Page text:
Firstborn was fast-paced and intense. I had a bit of a hard time keeping up with the Progeny and Scion's etc. It might have helped if I had read The Progeny and then moved right into Firstborn, but it has been quite a while since I read The Progeny. I loved Luka and Audra's characters. Their love for each other and their desire to protect each other is romantic even when the situations that they find themselves in aren't romantic. There were some surprises throughout the story that had me saying, "Whoa!" There were also several secondary characters that were quite entertaining. I loved all of Audra's friends that helped her along the way, Jester, Piotrek and Claudia were a tight-knit group of friends that anyone would love to have. Lot's of emotions, lot's of killings, lot's of history and lot's of action round out this entertaining read.


Sunday, April 30, 2017

Deep Extraction by DiAnn Mills


Special agent Tori Templeton is called to a close friends house to investigate the murder of the woman's husband. Tori's partner Max is less than professional when questioning the family and Tori is furious with him. Max has cancer and Tori has had enough of cancer in her life. Years before her brother lost his battle of cancer and more recently her mother has battled breast cancer. Tori is petrified that she or someone else close to her will be next. Tori promised her brother before he died that she would search out and find her faith in God. Tori has been attending church, but she can't justify a God who allows sickness to take people away. God keeps putting people in Tori's life to show her His love for her.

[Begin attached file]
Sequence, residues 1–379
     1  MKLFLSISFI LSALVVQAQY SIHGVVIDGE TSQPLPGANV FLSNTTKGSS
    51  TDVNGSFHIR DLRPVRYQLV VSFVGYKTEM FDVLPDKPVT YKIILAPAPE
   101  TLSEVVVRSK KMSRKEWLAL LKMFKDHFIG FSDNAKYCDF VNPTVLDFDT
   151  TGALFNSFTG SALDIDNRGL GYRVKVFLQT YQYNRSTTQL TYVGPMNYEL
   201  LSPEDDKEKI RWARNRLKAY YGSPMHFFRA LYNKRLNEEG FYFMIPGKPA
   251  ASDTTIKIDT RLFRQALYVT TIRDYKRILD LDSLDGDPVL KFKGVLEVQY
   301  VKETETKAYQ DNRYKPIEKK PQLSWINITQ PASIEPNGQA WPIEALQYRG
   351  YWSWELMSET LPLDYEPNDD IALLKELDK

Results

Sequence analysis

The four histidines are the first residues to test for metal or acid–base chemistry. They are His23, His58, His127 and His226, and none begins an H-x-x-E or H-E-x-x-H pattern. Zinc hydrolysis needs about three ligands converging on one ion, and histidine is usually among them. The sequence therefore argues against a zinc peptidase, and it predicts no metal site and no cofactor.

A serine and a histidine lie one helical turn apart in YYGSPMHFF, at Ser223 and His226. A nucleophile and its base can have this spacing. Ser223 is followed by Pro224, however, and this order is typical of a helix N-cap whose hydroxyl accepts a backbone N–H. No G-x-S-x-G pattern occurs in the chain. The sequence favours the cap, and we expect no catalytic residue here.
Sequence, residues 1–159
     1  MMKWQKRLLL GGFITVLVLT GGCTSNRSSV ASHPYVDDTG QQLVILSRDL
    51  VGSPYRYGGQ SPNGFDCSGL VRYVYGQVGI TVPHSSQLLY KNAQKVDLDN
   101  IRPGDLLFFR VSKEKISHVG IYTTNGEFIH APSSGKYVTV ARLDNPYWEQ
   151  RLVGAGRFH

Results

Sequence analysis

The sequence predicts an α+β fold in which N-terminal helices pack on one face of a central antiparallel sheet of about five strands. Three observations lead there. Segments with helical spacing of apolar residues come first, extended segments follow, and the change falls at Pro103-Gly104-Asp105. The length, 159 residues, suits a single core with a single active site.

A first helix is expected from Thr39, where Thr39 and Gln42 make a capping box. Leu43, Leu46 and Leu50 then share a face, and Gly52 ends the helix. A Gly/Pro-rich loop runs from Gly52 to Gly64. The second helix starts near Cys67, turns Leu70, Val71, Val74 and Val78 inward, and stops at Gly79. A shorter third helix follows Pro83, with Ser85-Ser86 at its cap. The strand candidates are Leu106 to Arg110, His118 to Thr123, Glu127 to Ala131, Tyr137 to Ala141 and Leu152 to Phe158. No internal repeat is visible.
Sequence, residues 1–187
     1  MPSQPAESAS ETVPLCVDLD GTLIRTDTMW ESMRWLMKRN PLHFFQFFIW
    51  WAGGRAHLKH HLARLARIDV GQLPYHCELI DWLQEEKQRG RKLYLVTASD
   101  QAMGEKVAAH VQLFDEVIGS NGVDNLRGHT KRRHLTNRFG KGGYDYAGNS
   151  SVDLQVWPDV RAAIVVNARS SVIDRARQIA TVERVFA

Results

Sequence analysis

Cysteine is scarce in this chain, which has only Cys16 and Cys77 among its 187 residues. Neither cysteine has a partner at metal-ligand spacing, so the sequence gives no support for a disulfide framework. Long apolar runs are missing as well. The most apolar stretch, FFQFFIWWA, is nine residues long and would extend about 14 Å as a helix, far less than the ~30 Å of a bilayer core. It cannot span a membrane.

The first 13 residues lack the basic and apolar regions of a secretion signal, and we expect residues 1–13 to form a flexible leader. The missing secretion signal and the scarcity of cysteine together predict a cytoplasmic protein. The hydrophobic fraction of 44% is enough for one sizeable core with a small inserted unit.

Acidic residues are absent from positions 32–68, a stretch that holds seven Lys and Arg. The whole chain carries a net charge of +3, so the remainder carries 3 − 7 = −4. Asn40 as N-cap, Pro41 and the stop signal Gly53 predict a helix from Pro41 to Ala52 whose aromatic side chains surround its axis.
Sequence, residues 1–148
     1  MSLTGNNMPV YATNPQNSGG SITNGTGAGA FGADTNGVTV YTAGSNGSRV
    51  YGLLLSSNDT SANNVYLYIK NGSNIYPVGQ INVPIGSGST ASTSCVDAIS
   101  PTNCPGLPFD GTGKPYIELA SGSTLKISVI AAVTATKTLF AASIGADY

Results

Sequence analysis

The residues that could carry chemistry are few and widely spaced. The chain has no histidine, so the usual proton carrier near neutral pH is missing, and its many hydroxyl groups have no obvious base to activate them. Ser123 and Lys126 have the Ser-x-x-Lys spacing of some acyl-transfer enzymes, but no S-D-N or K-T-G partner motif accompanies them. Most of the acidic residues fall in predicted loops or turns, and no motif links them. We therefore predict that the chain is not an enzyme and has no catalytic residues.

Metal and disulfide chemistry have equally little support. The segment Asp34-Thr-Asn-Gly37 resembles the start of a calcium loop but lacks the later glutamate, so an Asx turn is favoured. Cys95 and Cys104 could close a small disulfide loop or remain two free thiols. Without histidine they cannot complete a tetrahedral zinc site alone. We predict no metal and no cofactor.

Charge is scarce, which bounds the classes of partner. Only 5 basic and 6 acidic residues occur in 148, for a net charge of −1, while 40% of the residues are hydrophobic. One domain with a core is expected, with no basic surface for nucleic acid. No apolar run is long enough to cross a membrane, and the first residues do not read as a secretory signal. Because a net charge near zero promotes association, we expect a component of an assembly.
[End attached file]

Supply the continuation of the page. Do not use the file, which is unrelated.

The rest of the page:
Cole Jeffers was best friends with the man murdered. Cole currently has a thriving landscape business but his heart lies with his career as a US Marshal. Cole is on a leave of absence but is willing to step back into his role as US Marshal when his friend is murdered.

Tori, Cole and Max are on the task force to find out who the murderer is. As they begin to investigate they find that the man they knew was not the man they thought he was. The more suspects they come across, the more danger their own lives are in. Can they find the madman set on ending their lives as well?

I was hooked on DEEP EXTRACTION from the very beginning! The mystery was great, the suspense was thrilling and the romance was sweet. The story moved quickly and was very exciting. There were so many layers and so many suspects! I loved the personal stories of the main characters. Max's struggle with cancer, his anger and crustiness, Cole's faith but also struggle to forgive and Tori's honest desire to find faith but yet having serious doubts. I thoroughly enjoyed the whole story!